What’s Wrong With This Picture?

| OSHA, USF Safety Florida

Can you spot the hazards in the above image? Keep reading to find out.

Written by: Michael Tartal, Safety Consultant

A respirator used by employees was not maintained in a clean and sanitary condition. The respirator was covered with paint spray, dirt, and grit. In addition, the respirator was not properly stored.

OSHA regulation 29 CFR 1910.134(h)(1) states that “The employer shall provide each respirator user with a respirator that is clean, sanitary, and in good working order. The employer shall ensure that respirators are cleaned and disinfected using the procedures in Appendix B-2 of 29 CFR 1910.134, or procedures recommended by the respirator manufacturer, provided that such procedures are of equivalent effectiveness.”

OSHA regulation 29 CFR 1910.134(h)(2) states that “All respirators shall be stored to protect them from damage, contamination, dust, sunlight, extreme temperatures, excessive moisture, and damaging chemicals, and they shall be packed or stored to prevent deformation of the facepiece and exhalation valve.”

In this situation, the employer must ensure that employees clean, inspect, and properly store all respirators after each and every use.

The safety hazards: Failure to clean, inspect, and store tight fitting respirators can lead to air leaks which can expose the employee to hazardous vapors, mists and particulates.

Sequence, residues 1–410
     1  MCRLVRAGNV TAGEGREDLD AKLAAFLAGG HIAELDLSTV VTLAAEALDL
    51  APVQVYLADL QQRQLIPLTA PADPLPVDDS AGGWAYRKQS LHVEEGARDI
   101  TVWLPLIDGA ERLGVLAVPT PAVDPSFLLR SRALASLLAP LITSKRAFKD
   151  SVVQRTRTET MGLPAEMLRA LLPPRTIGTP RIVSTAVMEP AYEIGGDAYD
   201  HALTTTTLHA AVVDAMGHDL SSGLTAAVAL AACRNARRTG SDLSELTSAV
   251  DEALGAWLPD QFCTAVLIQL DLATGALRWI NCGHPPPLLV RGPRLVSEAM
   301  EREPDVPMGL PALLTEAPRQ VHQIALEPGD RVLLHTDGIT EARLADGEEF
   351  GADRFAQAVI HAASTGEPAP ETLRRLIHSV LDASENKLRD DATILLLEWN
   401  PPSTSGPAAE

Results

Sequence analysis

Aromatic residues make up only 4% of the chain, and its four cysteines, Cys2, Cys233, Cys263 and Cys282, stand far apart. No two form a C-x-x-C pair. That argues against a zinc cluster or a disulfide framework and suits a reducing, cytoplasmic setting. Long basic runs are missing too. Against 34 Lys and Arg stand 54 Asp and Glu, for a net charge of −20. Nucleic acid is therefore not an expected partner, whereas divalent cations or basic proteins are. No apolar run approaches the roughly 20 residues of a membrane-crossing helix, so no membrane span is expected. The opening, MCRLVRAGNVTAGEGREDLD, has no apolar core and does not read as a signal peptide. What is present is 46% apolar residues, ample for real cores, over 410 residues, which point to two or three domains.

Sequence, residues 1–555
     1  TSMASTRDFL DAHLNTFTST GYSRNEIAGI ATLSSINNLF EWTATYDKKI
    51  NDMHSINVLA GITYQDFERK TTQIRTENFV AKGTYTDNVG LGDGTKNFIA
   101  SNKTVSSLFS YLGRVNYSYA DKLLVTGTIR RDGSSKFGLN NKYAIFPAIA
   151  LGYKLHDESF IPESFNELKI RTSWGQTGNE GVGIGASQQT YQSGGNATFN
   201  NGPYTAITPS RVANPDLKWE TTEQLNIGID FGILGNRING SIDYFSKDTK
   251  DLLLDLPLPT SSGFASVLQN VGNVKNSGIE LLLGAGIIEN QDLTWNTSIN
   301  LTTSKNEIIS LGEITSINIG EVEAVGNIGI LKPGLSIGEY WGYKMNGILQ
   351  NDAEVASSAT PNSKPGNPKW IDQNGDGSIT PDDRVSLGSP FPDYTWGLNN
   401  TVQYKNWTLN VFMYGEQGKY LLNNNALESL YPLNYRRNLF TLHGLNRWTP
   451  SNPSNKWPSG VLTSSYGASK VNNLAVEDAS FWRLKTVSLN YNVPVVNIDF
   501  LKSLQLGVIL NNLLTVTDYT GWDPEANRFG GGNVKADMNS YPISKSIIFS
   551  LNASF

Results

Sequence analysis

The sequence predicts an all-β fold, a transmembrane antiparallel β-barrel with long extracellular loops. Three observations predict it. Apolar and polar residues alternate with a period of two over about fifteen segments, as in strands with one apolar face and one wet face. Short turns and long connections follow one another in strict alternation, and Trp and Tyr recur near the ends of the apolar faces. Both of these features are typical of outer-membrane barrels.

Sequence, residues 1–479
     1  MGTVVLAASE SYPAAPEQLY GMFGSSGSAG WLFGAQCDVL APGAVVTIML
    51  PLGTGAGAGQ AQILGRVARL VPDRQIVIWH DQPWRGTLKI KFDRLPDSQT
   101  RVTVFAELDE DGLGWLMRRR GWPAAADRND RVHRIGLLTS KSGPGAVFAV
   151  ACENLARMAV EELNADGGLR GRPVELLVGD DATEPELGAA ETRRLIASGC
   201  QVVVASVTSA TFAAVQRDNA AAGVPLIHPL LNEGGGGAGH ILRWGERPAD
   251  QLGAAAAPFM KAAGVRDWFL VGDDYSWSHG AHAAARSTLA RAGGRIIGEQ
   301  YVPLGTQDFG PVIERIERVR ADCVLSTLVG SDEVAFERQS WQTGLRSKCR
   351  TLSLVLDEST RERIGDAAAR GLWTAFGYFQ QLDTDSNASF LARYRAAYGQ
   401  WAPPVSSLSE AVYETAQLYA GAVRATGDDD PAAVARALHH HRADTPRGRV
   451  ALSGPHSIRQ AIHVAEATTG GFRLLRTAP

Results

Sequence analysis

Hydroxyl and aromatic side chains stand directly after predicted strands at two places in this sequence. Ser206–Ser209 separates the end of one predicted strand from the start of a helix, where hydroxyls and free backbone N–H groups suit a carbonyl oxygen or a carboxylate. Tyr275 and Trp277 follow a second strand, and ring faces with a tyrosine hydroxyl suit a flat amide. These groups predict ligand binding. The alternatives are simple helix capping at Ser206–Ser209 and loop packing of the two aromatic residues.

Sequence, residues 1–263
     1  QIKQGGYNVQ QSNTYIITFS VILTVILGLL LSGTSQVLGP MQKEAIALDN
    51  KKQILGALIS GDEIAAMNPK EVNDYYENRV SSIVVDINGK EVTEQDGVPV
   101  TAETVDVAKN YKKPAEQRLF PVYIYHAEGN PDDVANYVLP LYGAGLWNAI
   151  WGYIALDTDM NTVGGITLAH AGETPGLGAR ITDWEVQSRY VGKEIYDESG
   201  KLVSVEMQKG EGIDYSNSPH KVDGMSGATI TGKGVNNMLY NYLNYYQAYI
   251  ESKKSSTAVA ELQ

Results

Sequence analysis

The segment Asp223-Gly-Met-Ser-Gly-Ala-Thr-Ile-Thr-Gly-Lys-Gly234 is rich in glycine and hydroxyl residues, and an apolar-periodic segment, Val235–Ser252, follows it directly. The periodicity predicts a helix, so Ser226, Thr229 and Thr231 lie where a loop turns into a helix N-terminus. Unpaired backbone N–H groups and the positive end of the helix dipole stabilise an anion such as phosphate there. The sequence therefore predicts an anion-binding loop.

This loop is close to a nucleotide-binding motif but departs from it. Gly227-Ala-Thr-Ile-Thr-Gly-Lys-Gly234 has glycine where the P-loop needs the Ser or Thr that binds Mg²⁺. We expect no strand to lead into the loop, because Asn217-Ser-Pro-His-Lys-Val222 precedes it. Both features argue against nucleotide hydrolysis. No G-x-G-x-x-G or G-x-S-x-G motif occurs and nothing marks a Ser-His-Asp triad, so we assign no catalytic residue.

Consequences: Prolonged exposure to hazardous vapors, mists and particulates can often lead to fainting, respiratory system injuries and illnesses, various types cancers and even death.

Corrective Action: When the use of respirators in the workplace is required or mandated by employers, a written respiratory protection program must be developed and implemented in accordance with OSHA regulation 1910.134(c). The program is intended to inform employees of the correct procedures and requirements when inspecting, wearing, cleaning and storing for respirators. This is needed to fully protect employees from the hazards to which they are exposed.

Additionally, OSHA regulation 29 CFR 1926.134(k) requires the employer to provide effective training to employees who are required to use respirators. The training must be comprehensive, understandable, and recur annually, and more often if necessary.

Conclusion: It’s much safer (and less costly over time) to correctly store, inspect, use and maintain respirators. Proper training for employees will give them the needed information to properly use and care for them.

For more information about Respiratory Protection, click here.